Houston's population is growing quickly, but when Harvey hit last weekend there were far fewer homes and other properties in the area with flood insurance than just five years ago, according to an Associated Press investigation.
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The sharp, 9 percent drop in coverage means many residents fleeing Harvey's floodwaters have no financial backup to fix up their homes and will have to draw on savings or go into debt — or perhaps be forced to sell.
A former head of the federal flood insurance program called the drops "unbelievable" and criticized the Federal Emergency Management Agency, which oversees the program.
"When you start to see policies drop like this, FEMA should have done something about this," said Robert Hunter, who ran the program in the late '70s. He estimates that fewer than two of 10 homeowners with flood damage have flood insurance.
Houston's Harris County has 25,000 fewer flood-insured properties than it did in 2012, according to the AP's review of FEMA data.
In percentage terms, the drop was even more dramatic in certain sections of the county: In Pasadena, just southeast of Houston, policies were down nearly 20 percent. Baytown, east of Houston, saw a 22 percent drop. The trouble extended beyond Houston, too. Jefferson County, home to cities like Beaumont and Port Arthur, which Harvey hit Wednesday, saw a bigger drop. That county fell from 25,818 policies to 19,773 in the past five years, a 23 percent decrease.
The current head of the flood insurance program, Roy Wright, attributed much of the drop in the Houston area to Congress' decision in 2012 to raise premiums, and said there is a "true insurance gap" across the country: Only half of the 10 million properties in the U.S. that he said need flood coverage have bought it.
He said he is working to close to gap, but noted that the decision to keep or drop coverage largely lies with individuals.
"I can educate and make the product available, but ultimately this is a pocketbook decision made by each individual homeowner," said Wright, director of the National Flood Insurance Program.
Experts say another reason for the lack of coverage in the Houston area was that the last big storm, Tropical Storm Allison, was 16 years ago. Fear of another flood faded.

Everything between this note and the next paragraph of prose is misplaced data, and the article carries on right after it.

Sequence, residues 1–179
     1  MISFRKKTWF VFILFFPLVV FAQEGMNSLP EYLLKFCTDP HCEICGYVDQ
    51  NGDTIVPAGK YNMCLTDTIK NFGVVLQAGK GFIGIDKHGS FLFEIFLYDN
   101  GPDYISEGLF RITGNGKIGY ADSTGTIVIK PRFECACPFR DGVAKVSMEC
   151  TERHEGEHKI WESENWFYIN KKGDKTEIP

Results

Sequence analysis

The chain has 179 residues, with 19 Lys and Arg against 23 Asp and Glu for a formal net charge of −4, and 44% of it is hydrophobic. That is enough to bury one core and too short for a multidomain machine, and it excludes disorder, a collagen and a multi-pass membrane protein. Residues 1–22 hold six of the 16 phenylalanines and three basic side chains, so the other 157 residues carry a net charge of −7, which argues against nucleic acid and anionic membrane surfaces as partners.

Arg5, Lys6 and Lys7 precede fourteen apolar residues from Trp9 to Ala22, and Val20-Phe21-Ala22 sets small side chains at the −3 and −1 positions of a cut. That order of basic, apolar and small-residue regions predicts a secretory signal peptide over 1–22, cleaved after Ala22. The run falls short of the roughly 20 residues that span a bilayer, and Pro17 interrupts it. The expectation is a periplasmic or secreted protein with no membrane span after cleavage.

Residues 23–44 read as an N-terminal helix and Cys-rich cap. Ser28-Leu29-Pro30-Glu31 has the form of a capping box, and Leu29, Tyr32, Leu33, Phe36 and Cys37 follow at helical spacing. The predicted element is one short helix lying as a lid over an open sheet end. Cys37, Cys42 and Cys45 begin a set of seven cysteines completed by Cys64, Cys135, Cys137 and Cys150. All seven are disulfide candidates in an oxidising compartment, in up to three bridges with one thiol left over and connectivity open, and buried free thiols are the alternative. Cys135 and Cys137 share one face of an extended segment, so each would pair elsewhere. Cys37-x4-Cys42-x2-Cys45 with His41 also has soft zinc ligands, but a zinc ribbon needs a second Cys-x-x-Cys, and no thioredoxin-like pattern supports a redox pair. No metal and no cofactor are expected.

Jesse Trubia, president of a metal fabrication company, decided to pass on flood insurance when he moved to his two-story home on the outskirts of Houston several years ago. That decision will now cost him up to $30,000, he estimated. Up to one foot of water seeped into his home in Cypress.
In total, Harris County residents were paying premiums on nearly 250,000 flood insurance policies in June, down from almost 275,000 policies at the end of 2012. There were roughly 1.75 million housing units in Harris County, but that includes apartment and condominium buildings, making it an imperfect figure to try to calculate what overall percentage of families are covered by flood insurance.
The number of policies in Houston itself fell from 133,000 to 119,000, an 11 percent drop — roughly in line with the trend nationally. Over the same period, the number of flood policies across the U.S. dropped 10 percent, to 4.9 million.
Jiles Daniels, a retired oil company manager, never wavered when he bought flood insurance on both his homes: one in Houston and another on an island near Cleveland, northeast of Houston. The cost is considerable: about $1,800 a year in premiums for the two houses combined. He thinks it's worth it: The lower level of his island house went about 4 feet under water, he estimates, though his city home had been spared so far.
Under current rules, most homeowners with mortgages living in high risk areas for flooding, called Special Flood Hazard Zones, must buy flood insurance.
Most of the Houston area falls outside those most vulnerable zones, and many homeowners who aren't forced to have coverage have decided to do without.
One problem with the flood risk maps highlighted by Tropical Storm Harvey: They don't take into account the risk of flooding from overcapacity drainage sewers and ditches or from water flowing toward a sewer or bayou. More than half of the flooding in Harris County over the years has been due to such problems.
For Ronnie Walsh, 45, flood insurance was out of the question. He was laid off from a factory job in June and even before that money was tight.
On Monday, Walsh was evacuated from his east Houston home by rescuers in helicopters after water started seeping into the house. He and his two sons, ages 4 and 6, had just a few bags of belongings with them when they arrived at a downtown convention center. They spent the night on flattened boxes, wondering how much damage their house sustained.
He fears everything is gone.
Condon and Sweet reported from New York, and Donn from Plymouth, Massachusetts. AP National Writer Matt Sedensky in Houston and staff writer Michael Biesecker in Washington contributed to this reporting.